Uh, I'm pretty sure that the definition of "ignorant" is not "something true, that I don't want to hear".

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I'm surprised to hear how much high regard you actually hold for your President.

And you can ascertain how much regard I have for our President from this statement?

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Granted, it's Rolling Stone..but thought I would share another viewpoint.

 

Also..nsfw language in the link.

 

http://www.rollingstone.com/politics/news/4-pro-gun-arguments-were-sick-of-hearing-20151001

4 Pro-Gun Arguments We're Sick of Hearing

 

4. "Second Amendment, baby."

Here's a good time to remind everyone that the Second Amendment was written by slaveholders before we had electricity, much less the kind of weaponry that would-be murderers can buy today. But sure, if you think it's that precious, we can compromise: If you love Second Amendment that much, feel free to live in a powdered wig and **** in a chamberpot while trying to survive off what you can kill with an 18th century musket. In exchange, let those of us living in this century pass some laws so we can feel safe going to class, or the movies, or anywhere without worrying that some maladjusted man will try to get his revenge by raining death on random strangers.

 

Edited by The Evil Genius
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I like Popeman's list of solutions. All reasonable.

 

Ehhh...mostly.

 

1) Close the gun show and private sale loophole - make all sales subject to the laws that exist

I'm fine with the idea of this, but it'd be a nightmare to implement.  You'd somehow have to open up the NICS, which is already swamped, to the general public.  That comes with a whole host of security, privacy, and logistical problems.

 

2) Waiting periods - there is no reason a gun purchase can't be delayed by 7 days (you wait for online purchases to be shipped, right?)

I don't believe waiting periods really affect gun violence at all.  The only waiting period should be how long it takes all of the appropriate background checks to clear.  The scenario of someone in an emotional rage running out, getting licensed, going to the gun shop, purchasing a gun, clearing background checks, then running to whatever $person they're still mad at and killing them the same day is largely mythical.  And waiting periods beyond the execution of the background check make no sense at all if the purchaser already owns firearms.

 

3) Trigger locks - require all firearms stored in the home to have trigger locks (yes, a "hollow" law since you can't enforce it until something goes wrong)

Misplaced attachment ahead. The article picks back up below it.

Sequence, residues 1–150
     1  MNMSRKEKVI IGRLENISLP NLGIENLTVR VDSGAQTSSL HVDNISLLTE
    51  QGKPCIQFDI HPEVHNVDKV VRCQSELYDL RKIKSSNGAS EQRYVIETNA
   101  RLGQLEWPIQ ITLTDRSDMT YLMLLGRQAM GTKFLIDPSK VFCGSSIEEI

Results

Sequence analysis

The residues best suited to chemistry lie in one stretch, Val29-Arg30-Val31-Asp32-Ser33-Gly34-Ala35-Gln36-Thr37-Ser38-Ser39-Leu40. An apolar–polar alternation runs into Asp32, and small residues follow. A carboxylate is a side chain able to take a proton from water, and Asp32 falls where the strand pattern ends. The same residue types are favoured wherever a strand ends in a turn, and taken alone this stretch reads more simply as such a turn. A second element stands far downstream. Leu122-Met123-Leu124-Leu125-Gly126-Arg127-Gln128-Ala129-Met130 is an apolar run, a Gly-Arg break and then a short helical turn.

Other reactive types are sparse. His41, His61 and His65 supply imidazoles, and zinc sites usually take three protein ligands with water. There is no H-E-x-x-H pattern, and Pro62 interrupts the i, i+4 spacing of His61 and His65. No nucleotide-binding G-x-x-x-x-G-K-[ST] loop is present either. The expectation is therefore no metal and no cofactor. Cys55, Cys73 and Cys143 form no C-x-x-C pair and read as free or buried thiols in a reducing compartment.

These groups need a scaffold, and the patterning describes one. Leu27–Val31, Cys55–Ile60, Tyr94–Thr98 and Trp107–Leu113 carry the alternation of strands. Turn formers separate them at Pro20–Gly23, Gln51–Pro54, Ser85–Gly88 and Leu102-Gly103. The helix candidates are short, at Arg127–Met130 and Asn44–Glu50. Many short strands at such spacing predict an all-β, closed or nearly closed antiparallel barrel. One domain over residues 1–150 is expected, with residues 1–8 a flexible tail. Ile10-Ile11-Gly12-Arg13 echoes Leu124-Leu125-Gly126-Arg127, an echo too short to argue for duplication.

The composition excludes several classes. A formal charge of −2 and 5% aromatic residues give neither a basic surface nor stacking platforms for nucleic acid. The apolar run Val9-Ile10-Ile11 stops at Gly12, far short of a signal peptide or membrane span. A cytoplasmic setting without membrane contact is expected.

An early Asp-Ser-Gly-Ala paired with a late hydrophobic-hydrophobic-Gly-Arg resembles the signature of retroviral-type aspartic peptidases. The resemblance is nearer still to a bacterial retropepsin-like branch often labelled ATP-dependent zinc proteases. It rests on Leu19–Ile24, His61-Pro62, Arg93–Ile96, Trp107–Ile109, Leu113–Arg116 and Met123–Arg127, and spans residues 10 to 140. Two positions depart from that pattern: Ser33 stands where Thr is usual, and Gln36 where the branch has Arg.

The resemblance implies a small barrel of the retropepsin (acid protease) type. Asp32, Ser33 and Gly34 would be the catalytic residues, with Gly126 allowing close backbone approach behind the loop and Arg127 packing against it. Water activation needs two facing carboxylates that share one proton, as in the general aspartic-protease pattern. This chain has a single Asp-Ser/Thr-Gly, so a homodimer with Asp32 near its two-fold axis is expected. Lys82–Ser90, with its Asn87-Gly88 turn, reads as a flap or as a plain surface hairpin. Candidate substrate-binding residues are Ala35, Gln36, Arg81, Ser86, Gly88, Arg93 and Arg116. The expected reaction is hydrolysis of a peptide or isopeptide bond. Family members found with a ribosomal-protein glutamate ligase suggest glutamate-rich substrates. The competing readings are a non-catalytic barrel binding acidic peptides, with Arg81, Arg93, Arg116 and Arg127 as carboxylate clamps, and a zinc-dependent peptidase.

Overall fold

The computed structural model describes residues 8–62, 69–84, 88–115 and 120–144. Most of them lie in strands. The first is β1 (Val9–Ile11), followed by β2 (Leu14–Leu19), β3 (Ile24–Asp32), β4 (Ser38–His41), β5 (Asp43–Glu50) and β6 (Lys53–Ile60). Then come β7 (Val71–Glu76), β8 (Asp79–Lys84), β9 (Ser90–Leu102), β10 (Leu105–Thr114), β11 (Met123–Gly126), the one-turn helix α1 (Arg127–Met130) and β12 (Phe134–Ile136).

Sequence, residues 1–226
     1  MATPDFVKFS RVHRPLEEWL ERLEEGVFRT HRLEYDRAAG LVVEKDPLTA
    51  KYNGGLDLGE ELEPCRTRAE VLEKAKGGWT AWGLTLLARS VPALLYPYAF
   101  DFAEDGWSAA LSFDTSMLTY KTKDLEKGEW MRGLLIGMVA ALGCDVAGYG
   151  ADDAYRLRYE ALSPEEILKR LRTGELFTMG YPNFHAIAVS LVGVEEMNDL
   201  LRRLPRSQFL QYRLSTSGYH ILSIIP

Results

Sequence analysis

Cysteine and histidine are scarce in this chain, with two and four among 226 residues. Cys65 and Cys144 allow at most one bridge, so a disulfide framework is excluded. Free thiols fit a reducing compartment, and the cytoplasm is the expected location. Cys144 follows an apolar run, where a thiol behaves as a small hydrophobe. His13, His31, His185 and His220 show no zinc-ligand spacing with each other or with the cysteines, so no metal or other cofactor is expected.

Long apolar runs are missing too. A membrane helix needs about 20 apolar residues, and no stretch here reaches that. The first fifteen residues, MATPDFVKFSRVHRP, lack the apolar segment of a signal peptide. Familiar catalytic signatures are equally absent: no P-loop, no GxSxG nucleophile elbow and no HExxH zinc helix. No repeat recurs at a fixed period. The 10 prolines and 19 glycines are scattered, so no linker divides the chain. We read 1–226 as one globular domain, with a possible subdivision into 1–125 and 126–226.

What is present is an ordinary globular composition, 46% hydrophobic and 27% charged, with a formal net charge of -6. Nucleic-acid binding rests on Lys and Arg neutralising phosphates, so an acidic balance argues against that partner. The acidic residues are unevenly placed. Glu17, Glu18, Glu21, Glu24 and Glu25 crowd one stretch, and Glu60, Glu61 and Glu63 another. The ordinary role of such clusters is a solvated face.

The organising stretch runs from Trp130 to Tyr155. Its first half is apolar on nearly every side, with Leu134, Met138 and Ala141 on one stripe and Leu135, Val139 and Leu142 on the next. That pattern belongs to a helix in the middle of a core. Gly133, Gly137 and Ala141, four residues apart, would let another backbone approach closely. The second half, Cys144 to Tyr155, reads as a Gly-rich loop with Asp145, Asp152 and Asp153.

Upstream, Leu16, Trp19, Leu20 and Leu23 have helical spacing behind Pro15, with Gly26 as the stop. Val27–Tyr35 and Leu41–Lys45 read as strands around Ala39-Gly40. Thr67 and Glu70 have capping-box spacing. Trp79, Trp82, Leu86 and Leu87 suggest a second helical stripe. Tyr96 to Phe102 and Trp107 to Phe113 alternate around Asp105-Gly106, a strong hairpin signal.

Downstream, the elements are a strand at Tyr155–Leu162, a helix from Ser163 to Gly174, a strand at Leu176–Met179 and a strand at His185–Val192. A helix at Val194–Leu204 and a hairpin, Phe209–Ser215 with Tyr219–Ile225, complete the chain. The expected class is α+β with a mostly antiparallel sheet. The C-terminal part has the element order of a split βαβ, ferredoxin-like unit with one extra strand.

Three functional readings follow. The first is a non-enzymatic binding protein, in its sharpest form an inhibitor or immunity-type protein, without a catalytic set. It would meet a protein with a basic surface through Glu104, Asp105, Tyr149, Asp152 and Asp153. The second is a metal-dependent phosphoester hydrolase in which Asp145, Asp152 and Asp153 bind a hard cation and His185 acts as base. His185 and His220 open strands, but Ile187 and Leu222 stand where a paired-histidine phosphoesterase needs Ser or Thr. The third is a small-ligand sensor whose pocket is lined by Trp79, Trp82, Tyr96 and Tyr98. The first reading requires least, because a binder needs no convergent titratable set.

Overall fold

I'm totally down with requiring guns be sold with locks, so long that there isn't a usage requirement.  They should be absolutely available to everyone, especially in cases where maybe someone can't afford a safe or other secure storage (though really if you can't afford to store your guns securely you probably shouldn't be buying them in the first place).

 

4) Background checks - more thorough, since the 7 day waiting period makes it easier to go deep

I think what needs to happen is that money needs to be spent to update the NICS infrastructure to handle more comprehensive checking, faster.  I also think we need to mandate reporting requirements to the states into the federal system.  Some states currently may delay reporting of arrests, charges, etc. to NICS which means that a given check may be incomplete for a certain time after an incident occurs.  That needs to change.  NICS should be updated as near real-time as logistically possible.

 

There's also a failure in the federal background check law where if a background check doesn't complete in 3 days the seller may move forward with the sale (this is how the south Carolina shooter was able to purchase a gun illegally despite having pending criminal charges).  One; the NICS shouldn't take that long. Two; if there is a problem that delays the check the default action shouldn't be "move ahead with the sale".  It should be "sale denied" and it should then be the responsibility of the purchaser to clear up whatever the problem is with the FBI and NICS admins.

 

Basically the NICS system really needs to be improved.

 

5) Training - require all firearm purchasers to show proof that they attended a training course conducted at their local firing range (yes, there will need to be standards approved by the govt); only one training course is required, not for each firearm

I'm down for this as long as the training is reasonable.  It should be set federally so the standard is the same everywhere and it should be focused on safety and proper handling.  If you leave it up to the states you'd have a myriad of wildly varying requirements and states like NJ would probably require you put five rounds into a dime-sized circle at 300 yards just so they don't have to approve anyone.

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Sorry, but I've got a problem with the notion that the Second is somehow obsolete and just doesn't count, any more.

(Although, I will point out, to any person advocating that we get rid of it, that There's an App, For That).

But mostly, I would respond by suggesting that any person who wants, say, the Fourth Amendment to apply, should wear a powdered wig and **** in a chamber pot.

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Sorry, but I've got a problem with the notion that the Second is somehow obsolete and just doesn't count, any more.

(Although, I will point out, to any person advocating that we get rid of it, that There's an App, For That).

 

 

 

I read that and didn't think the author went that far. I think what she was implying was that if you think the 2nd amendment is untouchable, then perhaps you should wear a powdered wig and **** in a chamber pot.

 

I think quite a few people here on ES feel that the 2nd amendment is without limitations and or restrictions. I think that mindset is what she was belittling.

Edited by The Evil Genius